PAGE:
Good that you holidaying in sunny France. It’s raining cats and dogs here in the UK and is so cold your eye-water freezes in their sockets. Holiday money wisely spent. Do you have a professional financial advisor?

    • Remoaner
      Posted July 24, 2018 at 10:17 am | Permalink

      Please Mister, please bring us some food on your return. Most of us haven’t eaten since the Referendum

    • graham1946
      Posted July 24, 2018 at 10:37 am | Permalink

      France is also 3 times the size of the UK with a similar population.

      We’ve paid for a lot of the infrastructure in Spain and the east.

      When we stop paying the EU (a big ‘if’ I grant you with May and co determined to keep doling out our cash to them), maybe we can do a bit of work here. Every penny we give the EU is borrowed so your kids and theirs can pay it all back when we pensioners are gone. Something for you to look forward to.

    • Richard1
      Posted July 24, 2018 at 10:52 am | Permalink

      Hop over the border to Switzerland. The roads are better, the trains are more reliable, the services are better, by and large the food is better, and the taxes are much lower. It runs a balanced budget and It is of course not in the EU.

      • Richard1
        Posted July 24, 2018 at 10:57 am | Permalink

        This will also give you a chance to note that passing out of the customs union and single market doesn’t require any sort of ‘hard’ border. Could be a useful day’s outing for you.

        • Andy
          Posted July 24, 2018 at 7:58 pm | Permalink

          I am staying right by the Swiss border. I come here regularly and I can confirm some of the back roads have few or no border checks – although there is still physical infrastructure at all of the ones I’ve ever crossed.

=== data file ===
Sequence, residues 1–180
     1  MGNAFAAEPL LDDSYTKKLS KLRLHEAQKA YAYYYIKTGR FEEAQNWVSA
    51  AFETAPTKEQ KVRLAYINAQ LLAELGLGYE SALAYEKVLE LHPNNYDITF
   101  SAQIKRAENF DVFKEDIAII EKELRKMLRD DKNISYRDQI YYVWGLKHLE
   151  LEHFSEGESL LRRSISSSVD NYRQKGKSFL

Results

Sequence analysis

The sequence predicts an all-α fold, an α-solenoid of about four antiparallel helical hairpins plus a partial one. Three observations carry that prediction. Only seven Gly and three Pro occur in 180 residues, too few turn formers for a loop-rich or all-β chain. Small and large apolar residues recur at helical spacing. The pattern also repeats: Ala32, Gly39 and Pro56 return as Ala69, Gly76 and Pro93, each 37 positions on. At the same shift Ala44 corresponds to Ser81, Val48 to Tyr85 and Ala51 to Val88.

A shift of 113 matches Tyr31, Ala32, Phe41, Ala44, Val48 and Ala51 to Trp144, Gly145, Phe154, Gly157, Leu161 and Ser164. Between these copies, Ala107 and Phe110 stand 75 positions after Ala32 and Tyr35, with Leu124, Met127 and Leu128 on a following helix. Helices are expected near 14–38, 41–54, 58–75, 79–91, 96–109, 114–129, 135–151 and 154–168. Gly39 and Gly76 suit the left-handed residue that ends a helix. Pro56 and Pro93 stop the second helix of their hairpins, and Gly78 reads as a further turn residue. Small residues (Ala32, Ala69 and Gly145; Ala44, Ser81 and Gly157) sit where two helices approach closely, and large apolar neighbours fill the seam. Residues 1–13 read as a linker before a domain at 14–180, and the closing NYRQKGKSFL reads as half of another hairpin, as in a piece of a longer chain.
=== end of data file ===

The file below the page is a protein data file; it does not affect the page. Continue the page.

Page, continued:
However if you go to the main border crossings and hope for friction free I’m afraid you’re in for a shock. There was a 2 mile queue going from France into Switzerland near Geneva on Sunday evening
          – though it was freer (though not free) flowing the other way.

          Switzerland, of course is – as you say – not in the EU or in the EEA. However, Switzerland is in Schengen, it accepts free movement, it contributes to the EU budget. Through a series of hundreds of deals it is basically in the single market. It follows the rulings of the EFTA court, which basically follows the ECJ. The Swiss ‘deal’ is worse than EU membership in every way – and the Swiss know it and many want to change it. So you got that one all wrong. Would you like another go?

          • Richard1
            Posted July 24, 2018 at 8:37 pm | Permalink

            Sure. I suspect I’ve crossed that border at least as many times as you, probably more. As you say there are old unmanned border posts by the rural crossings – you don’t even have to slow down, still less stop. In probably 50+ crossings over the last 15 years I have never been delayed more than 5-10mins at the main Geneva crossing you refer to. So you obviously had an exceptional day. The Dartford crossing is almost always slower.

            On your other point you are quite wrong. Indeed the Swiss do have a degree of alignment and do pay a bit of money to EU funds. But they are much freer than we are (eg they have an independent trade policy) – and most polling in Switzerland shows c. 80-90% opposition to joining the EU. Why? Because they have a centuries old tradition of self governing democracy, and are very prosperous as a result. Norway, which has an inferior arrangement to Switzerland, also has a huge majority against EU membership. Why do you think that is? Have another go yourself if you like.

          • Edward2
            Posted July 24, 2018 at 8:51 pm | Permalink

            Sounds like they need more staff.

          • rose
            Posted July 24, 2018 at 11:26 pm | Permalink

            Switzerland is not in the Customs Union. Their treacherous political class drew the line there. Nor is Norway.

          • Andy
            Posted July 25, 2018 at 8:11 pm | Permalink